There are two things you notice when your start a baseball game. Who are the best players and who has the best glove
. Everybody wants the best and most expensive glove on the market, but the truth is there are so many great gloves for such great prices. Making a decision of purchasing a baseball glove is nearly impossible. Baseball gloves vary so much, so what exactly is right for you. You also need to take many factors into account. What position do you play? Gloves are specifically tailored to different positions, so it is important to figure out if the glove is used for your position.
Also, what company do you feel fits you? Ask any baseball player, they all have one specific company that they feel is the best. The most popular glove companies include Wilson, Rawlings, and Mizuno. These four companies have been very successful and have continue to prove themselves on the diamond.
Wilson gloves are as good as they come. Their baseball gloves come in a wide-variety of colors from eccentric to bland. They also offer many lines of products on the basis of price. To start, the famous A2000. The A2000 shows us what a great glove is. This glove uses premium leather that molds stiffly to your hand, creating a perfect fit after a couple of wears and some oil. The A2000 is a light weight glove and welts it for durability. I personally used A2000's with two fingers in the pinky slot, just to get a better close of the glove. A2000 catcher's gloves are great as well. There is more about them on our catcher's glove blog.
A2K is also a top notch glove line. Primarily built for infielders, this glove also gives a great molded feel and is made out of premium leather. They sort the A2k three times thicker and uses a tighter grain leather, this just means it will take you longer to break in the glove and have it mold to your hand. Don't let this shy you away from the glove. It is, in my opinion, one of the top three gloves on the market. Both the A2000 and the A2k offer catchers gloves and the A2k catcher's glove is a great choice for all dedicated catcher's.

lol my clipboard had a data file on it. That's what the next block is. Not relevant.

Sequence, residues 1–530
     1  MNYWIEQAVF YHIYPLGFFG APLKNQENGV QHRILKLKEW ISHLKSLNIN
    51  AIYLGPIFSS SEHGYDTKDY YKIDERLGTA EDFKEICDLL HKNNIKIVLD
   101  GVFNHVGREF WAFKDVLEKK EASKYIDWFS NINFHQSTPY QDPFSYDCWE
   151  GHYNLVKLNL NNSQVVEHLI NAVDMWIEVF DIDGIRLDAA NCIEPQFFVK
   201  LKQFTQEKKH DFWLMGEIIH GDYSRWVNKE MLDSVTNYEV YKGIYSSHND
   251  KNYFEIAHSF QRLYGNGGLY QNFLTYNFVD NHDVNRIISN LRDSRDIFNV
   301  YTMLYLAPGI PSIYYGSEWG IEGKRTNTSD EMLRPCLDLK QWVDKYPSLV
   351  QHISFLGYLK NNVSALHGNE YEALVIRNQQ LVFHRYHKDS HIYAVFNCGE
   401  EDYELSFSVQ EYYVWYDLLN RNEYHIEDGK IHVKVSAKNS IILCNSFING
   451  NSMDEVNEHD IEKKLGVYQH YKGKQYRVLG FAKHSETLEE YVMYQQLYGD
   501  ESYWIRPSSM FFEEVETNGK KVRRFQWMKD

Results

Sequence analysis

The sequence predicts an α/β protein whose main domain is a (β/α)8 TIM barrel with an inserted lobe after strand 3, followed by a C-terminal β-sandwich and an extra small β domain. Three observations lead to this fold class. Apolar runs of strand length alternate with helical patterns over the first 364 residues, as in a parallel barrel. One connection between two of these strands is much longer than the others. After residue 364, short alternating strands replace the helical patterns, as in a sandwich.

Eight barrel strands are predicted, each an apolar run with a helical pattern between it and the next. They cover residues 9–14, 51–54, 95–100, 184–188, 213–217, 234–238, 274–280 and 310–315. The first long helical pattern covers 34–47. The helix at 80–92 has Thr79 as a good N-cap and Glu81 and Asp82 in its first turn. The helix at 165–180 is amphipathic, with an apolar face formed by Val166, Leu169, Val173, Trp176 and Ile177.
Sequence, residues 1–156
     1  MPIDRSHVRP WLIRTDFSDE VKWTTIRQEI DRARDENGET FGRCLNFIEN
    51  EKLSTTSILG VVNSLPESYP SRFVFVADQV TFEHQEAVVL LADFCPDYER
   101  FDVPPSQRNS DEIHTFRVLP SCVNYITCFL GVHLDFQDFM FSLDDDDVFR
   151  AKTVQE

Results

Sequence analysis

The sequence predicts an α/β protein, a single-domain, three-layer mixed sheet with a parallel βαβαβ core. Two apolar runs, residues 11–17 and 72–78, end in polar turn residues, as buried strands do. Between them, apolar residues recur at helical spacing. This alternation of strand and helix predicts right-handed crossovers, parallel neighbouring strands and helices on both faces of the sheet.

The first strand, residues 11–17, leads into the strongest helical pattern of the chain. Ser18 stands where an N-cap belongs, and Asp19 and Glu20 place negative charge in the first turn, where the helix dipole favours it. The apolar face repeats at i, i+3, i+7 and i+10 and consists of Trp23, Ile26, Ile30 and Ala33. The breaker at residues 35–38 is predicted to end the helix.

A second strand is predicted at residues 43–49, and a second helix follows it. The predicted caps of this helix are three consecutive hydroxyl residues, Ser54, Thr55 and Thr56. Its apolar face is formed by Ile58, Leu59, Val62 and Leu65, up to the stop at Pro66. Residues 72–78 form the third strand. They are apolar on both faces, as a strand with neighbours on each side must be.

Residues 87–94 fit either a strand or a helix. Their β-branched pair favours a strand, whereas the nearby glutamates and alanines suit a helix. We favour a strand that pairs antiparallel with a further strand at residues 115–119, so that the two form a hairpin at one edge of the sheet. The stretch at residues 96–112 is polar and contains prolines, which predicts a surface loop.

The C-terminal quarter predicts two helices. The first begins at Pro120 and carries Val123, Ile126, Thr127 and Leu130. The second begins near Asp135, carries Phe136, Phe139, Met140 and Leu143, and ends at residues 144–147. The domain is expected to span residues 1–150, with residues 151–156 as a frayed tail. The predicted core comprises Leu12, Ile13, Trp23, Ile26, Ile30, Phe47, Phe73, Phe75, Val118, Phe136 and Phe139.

Rawling's gloves are some of the best as well. They offer a number of glove lines, including Pro Preferred, Heart of the Hide, and Gold Glove. These three lines offer gloves in the category of Pitching, infield, outfield, first base, and catching. Rawlings has been at the top for a while when it comes to the best gloves.
The Pro Preferred glove is the highest quality and the most expensive. Pro Preferred uses of the best leather, and flares out more. Heart of the Hide is second on the list and uses another great leather, and is a little bit softer on your hand. If you like playing comfortable, this is a great glove for you. Lastly, the Gold Glove. Gold Glove is the base set of gloves for Rawlings but still accounts for a lot of sales because of how good the glove is for how low of a price it is.
Mizuno gloves can be some of the most expensive gloves on the market, but rightfully so. They has been in existence since 1913 and have created an empire of baseball gloves. Their gloves are built for all positions which is important if you like the brand and play different positions. Mizuno gloves give you a great feel as you are playing. The inside of the glove is very soft but it still does mold to your hand well. It isn't as stiff as a Wilson, so if that fits you, Mizuno may be right.
The Pro Limited series is the best line. These gloves offers a great leather and the materials limit the number of them. And, in this situation, if you pay for the best you will get the best. They are at the peak of gloves on the market. Also, they don't take that long to break in so you will be playing in your glove right away.
The Right Fit
At the end of the day, you have to throw brand name out the door and find the glove that fits you best. Everybody is different, so don't let somebody tell you Wilson is the only option, or Mizuno is the best because they have the most expensive glove. It really comes down to your opinion and what feel you like to have with the glove. Take in others opinions so you can find out which will probably fit you best, but do your own research and find out what glove is best for you. And if you don't love it, as long as it can field a grounder and a catch a fly ball, it's a pretty good glove.